A recent signature event, Champions of Change, celebrated remarkable Canadian volunteers helping those who need it most in Canada and around the world. When we asked Canadians to nominate exceptional volunteers, almost 2,000 responded—and more than 10% of those nominations came from Calgary. That says a lot about this community.
Calgarians are participating in another ongoing CBC signature event, Live Right Now, which aims to inspire Canadians to join together and change the health of this country. I’m sure that some of you have been following the Calgary Eyeopener morning show’s Wellness Team, which brings together 45 listeners and five CBC ambassadors once a week for exercise classes, discussion about nutrition, and an exchange of ideas for living healthier. The participants are also volunteering to support YMCA youth programming.
Over the next five years, Calgarians, and all Canadians, will be able to experience and participate in many more signature events. These are unique offerings, and they leave a mark.
Regional presence and community spaces
Everyone, Every way is also about strengthening our regional presence and our role in community spaces. To be honest, we haven’t always met Canadians’ expectations, not just in Calgary but in other cities and regions.
Everyone, Every way will change that. To start with, we will strengthen our Alberta presence by increasing news-gathering capacity in Calgary, Edmonton and other communities. When we have determined how many reporters we’ll be adding and where, we’ll announce that.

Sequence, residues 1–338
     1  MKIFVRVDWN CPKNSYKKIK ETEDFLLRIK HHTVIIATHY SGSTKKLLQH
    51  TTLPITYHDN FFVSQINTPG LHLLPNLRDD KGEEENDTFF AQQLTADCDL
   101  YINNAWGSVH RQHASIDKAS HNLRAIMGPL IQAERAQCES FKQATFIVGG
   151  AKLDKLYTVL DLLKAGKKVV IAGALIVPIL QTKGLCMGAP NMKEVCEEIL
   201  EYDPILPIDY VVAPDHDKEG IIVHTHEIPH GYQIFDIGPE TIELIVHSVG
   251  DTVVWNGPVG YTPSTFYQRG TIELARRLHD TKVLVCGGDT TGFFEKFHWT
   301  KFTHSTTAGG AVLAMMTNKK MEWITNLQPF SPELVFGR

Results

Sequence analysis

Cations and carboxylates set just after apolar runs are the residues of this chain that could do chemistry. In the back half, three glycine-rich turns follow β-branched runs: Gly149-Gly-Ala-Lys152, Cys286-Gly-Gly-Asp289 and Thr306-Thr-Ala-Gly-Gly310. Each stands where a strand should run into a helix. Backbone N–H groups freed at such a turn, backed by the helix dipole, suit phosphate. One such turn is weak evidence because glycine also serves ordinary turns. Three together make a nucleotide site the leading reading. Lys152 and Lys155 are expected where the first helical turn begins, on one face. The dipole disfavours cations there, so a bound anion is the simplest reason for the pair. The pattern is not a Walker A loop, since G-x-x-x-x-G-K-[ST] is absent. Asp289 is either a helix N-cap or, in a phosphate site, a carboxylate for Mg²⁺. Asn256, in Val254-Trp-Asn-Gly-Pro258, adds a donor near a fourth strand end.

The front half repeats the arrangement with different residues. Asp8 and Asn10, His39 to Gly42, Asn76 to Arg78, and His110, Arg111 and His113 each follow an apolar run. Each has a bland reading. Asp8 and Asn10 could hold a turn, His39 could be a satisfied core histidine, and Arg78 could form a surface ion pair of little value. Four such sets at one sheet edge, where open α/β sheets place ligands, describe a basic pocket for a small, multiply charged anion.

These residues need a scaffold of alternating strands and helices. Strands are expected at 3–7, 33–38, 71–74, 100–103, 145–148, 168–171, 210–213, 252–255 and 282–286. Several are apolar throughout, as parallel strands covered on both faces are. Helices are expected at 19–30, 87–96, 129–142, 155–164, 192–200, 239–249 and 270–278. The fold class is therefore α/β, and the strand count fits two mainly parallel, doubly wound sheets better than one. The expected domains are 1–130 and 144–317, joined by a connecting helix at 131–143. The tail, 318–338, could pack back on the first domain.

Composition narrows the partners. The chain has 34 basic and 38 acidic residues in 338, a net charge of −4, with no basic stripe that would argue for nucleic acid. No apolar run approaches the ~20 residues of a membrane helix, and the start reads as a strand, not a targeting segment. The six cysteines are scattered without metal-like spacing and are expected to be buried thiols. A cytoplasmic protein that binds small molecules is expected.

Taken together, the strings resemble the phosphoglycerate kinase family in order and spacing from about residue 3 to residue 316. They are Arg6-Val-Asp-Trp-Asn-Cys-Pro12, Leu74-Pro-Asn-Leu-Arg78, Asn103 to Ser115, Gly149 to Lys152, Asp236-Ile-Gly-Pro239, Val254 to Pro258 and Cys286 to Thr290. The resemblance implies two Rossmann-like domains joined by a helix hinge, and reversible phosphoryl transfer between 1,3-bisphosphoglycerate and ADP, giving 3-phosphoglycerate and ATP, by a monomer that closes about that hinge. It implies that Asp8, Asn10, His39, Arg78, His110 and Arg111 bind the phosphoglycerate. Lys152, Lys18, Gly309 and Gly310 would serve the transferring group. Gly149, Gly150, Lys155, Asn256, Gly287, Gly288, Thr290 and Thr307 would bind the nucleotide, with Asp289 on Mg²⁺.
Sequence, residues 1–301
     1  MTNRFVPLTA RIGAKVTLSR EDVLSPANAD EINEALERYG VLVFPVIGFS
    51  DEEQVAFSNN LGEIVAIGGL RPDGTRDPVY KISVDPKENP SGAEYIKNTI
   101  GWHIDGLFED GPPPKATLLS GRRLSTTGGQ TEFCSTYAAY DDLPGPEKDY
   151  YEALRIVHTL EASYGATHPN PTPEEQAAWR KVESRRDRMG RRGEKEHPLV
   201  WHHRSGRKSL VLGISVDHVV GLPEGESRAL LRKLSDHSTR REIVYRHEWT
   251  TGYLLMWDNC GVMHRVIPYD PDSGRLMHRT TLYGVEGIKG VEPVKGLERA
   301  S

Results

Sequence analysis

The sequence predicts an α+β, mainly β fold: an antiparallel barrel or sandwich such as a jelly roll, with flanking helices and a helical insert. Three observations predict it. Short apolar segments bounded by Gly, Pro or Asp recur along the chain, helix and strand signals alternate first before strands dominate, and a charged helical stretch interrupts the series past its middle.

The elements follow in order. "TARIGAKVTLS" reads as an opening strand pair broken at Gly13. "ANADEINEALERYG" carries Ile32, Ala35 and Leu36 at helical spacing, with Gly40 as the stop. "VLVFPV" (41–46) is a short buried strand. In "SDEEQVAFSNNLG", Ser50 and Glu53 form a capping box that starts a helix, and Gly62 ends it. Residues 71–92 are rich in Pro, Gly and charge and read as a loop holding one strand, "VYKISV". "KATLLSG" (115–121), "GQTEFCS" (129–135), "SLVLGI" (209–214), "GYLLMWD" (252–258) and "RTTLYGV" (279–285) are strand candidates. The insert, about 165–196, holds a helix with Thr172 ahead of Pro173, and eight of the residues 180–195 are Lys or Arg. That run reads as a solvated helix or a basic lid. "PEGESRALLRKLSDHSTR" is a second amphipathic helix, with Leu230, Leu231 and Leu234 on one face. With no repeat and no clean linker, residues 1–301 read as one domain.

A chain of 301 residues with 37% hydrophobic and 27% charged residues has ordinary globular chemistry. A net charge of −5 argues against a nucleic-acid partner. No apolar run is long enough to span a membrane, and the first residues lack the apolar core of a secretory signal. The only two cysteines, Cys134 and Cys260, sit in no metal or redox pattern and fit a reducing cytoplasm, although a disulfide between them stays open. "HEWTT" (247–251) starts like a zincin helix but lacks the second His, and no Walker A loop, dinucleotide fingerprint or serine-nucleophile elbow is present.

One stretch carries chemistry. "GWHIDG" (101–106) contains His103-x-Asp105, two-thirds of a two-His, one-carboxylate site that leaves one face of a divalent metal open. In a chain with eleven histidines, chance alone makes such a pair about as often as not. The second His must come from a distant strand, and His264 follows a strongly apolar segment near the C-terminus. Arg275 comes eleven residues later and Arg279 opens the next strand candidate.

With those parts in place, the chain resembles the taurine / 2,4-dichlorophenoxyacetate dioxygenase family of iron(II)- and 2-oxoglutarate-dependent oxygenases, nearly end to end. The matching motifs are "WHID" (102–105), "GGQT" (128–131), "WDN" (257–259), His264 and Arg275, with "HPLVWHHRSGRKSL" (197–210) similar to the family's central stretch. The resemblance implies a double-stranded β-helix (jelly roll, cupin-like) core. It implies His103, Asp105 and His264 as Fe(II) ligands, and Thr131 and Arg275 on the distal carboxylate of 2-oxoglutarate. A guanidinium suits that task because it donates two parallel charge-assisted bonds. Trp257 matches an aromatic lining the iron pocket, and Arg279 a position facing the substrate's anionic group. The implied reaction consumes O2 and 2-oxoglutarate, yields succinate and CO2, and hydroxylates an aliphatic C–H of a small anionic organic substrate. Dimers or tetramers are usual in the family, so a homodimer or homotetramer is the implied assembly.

We will also offer more regional productions. For example, this year we’ll broadcast a documentary on the history of the Chinese community in Alberta and we’ll follow student entrepreneurs pitching their business proposals to Calgary business leaders.
At the same time, we will feature more regional programming on our national networks. For example, last July we renewed our broadcast agreement with the Calgary Stampede through to 2015. This ensures that coverage of the world-renowned Greatest Outdoor Show on Earth will continue to be available across Canada on CBC Television, CBCSports.ca and CBC’s digital channel bold.
We will extend our services to communities in which we don’t have a presence today. We are presently assessing different markets and ranking them in an order of priority, according to the following criteria:
Our goal will be to increase our presence in those communities in innovative ways with new multimedia stations that might be smaller than our older, conventional stations but will have a big impact in communities, and with new local or hyper-local websites to support our TV and radio stations.
New platforms and digital spaces
The final thrust of Everyone, Every way is new platforms and digital spaces. For example, recently on CBC, we piloted a mobile news service that sends you news based on where you’re located in Canada using a geo-located app.
To help us maintain our digital leadership and push forward, we will double our current level of digital investment to at least five per cent of our programming budget by 2015, which should represent about $70 million.
Three priorities. It’s an ambitious plan, and it’s critical to our future. We intend to meet the needs of Canadians in the midst of demographic shifts, fewer and more powerful media empires, new technologies, platforms and social networks, more content choices, and changes in how people interact with each other.
We will make the plan happen, but not without disruption — innovative disruption. As part of this, over the next three years, we will shift between 450 and 550 positions from existing jobs to our new priorities. And we will reallocate in the range of 5 per cent of our budget, representing approximately $90 million of $1.66 billion, to the new priorities.